He thinks about this for a beat, “it would be interesting to see – I mean, it sounds great”, the tone in his voice suggesting it sounds anything but, “but what vinyl are Tesco gonna stock? Are we talking limited editions and Adele or are we talking underground? Let’s face it, Adele’s people aren’t gonna go f**king crate digging in Tesco are they? And most people who go record shopping – unless they’ve got the munchies – let’s face it, are not going to go record shopping in Tesco”. That’s me told then. “I’ll embrace any way of people selling vinyl”, he continues “Tesco? I’m not sure, but I’d be interested to see what they stock and who’s going to be their buyer”.
We’ve been talking for a little while now and throughout the conversation Barry’s answers come openly, he’s frank and direct – as I was told he would be – and he gives me the impression of a man that has no trouble saying what’s really on his mind. I ask about the acts right now that are worthy of a shout out and he name checks Gentleman’s Dub Club, The Hook and King Youth, “he’s got some absolutely awesome stuff”.
I ask for his take on the ‘melting pot’ of the British music scene and its influences, “of course it goes back to colonialism, we’ve got such a diverse mix of ethnic communities. So all of those people bring something to the plate and that just gets fused. To me Punk was an idea of fusing music – it was never a sound. It was about throwing everything into a pot and seeing what comes out, to me that’s what Punk was. If you’re going to try and make a Punk record, you’ve fucked it. You’ve missed the point. So it’s that and the fusion of cultures that makes us so unique, we experiment“.
We talk a bit about America and their take on House and Electronic music, “If you were a House DJ back in the day – ‘87, ‘88 – you couldn’t get arrested in America, do you know what I mean? It’s like they had to, they all had to come over here to play – no one in America ‘got’ House music. They got there in the end and now they think they discovered electronic music! it’s like, come on. They didn’t even realise, we had to sell them back their own f**king product. That’s what I’m saying once they get on it, you’d think they’d invented the world”.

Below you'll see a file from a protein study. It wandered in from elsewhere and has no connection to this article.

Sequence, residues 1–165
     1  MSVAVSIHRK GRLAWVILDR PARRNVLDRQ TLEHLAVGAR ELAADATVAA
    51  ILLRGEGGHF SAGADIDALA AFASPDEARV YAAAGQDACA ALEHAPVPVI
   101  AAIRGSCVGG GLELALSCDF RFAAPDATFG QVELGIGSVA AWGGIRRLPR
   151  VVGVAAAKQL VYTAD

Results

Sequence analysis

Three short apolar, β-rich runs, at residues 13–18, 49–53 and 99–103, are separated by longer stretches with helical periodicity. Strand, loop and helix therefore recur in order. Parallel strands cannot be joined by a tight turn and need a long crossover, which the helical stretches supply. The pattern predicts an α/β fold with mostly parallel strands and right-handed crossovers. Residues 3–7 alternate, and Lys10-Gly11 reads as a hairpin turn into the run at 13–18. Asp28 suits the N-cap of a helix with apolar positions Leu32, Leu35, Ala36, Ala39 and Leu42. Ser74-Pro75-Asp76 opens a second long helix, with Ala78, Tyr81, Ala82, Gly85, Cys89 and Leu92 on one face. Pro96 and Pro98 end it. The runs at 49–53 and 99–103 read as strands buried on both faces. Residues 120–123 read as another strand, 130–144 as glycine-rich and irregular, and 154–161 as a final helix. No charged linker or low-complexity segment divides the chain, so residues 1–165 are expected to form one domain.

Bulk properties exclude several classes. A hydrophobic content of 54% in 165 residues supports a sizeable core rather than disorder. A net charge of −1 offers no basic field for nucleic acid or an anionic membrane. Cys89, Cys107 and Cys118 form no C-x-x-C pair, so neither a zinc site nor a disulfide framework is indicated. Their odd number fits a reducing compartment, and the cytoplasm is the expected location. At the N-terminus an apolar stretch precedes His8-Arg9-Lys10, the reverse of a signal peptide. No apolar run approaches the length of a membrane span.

We come back to the subject of the UK, “that’s why England is so unique. England’s cities do Pop culture or Art culture or whatever you want to call it, better than anywhere else in the world in my opinion. And when you fly over London or drive through it, you realise what an amazing city it is. It’s really only central London having its soul sucked out of it. If you go into boroughs it’s not so much. It’s one of my favourite cities and I’ve travelled a lot“.
As the conversation draws to a close we talk a bit about football, “I’m from a family of scousers so it’s Liverpool for me”, and what 2016 looks like for the band, “more festivals than you can shake a stick at already. Then finishing off the documentary”, I ask what it is, “what could possibly go wrong? the history of the Dub Pistols”, he says with some amusement. Who’s directing? “I’ve worked in film for years so I know what I’m doing”, he reminds me “we’ve been shooting it and doing interviews with people and all that sort of stuff so we’ll see. It’s looking great at the moment so we’ll see what sort of interest we can get for it”.
That’s it. our time is up, I say it was great talking to you, “don’t forget to mention us in it when you’ve done it”, he reminds me before we hang up. Dub Pistol’s “Killa Sound” is out now via Sunday Best Recordings, purchase it on iTunes here, and keep tabs on them on Facebook, Twitter and their website.
Words by Akua Ofei